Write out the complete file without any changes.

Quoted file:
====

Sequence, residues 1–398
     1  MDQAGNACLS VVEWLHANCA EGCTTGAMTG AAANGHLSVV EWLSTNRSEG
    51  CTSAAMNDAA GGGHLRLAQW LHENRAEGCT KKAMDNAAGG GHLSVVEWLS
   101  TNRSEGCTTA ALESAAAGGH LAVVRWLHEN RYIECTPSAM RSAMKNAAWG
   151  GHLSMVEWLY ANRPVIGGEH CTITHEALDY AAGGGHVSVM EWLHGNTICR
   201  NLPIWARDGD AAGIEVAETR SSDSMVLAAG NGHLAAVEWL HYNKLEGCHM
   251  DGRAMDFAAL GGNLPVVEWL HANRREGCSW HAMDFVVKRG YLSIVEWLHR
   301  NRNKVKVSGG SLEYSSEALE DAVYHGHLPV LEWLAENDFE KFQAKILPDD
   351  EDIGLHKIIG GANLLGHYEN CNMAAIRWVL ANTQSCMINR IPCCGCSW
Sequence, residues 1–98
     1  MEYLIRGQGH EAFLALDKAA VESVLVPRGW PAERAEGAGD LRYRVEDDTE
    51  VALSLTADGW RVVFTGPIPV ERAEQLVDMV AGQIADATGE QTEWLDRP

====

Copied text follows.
Sequence, residues 1–398
     1  MDQAGNACLS VVEWLHANCA EGCTTGAMTG AAANGHLSVV EWLSTNRSEG
    51  CTSAAMNDAA GGGHLRLAQW LHENRAEGCT KKAMDNAAGG GHLSVVEWLS
   101  TNRSEGCTTA ALESAAAGGH LAVVRWLHEN RYIECTPSAM RSAMKNAAWG
   151  GHLSMVEWLY ANRPVIGGEH CTITHEALDY AAGGGHVSVM EWLHGNTICR
   201  NLPIWARDGD AAGIEVAETR SSDSMVLAAG NGHLAAVEWL HYNKLEGCHM
   251  DGRAMDFAAL GGNLPVVEWL HANRREGCSW HAMDFVVKRG YLSIVEWLHR
   301  NRNKVKVSGG SLEYSSEALE DAVYHGHLPV LEWLAENDFE KFQAKILPDD
   351  EDIGLHKIIG GANLLGHYEN CNMAAIRWVL ANTQSCMINR IPCCGCSW
Sequence, residues 1–98
     1  MEYLIRGQGH EAFLALDKAA VESVLVPRGW PAERAEGAGD LRYRVEDDTE
    51  VALSLTADGW RVVFTGPIPV ERAEQLVDMV AGQIADATGE QTEWLDRP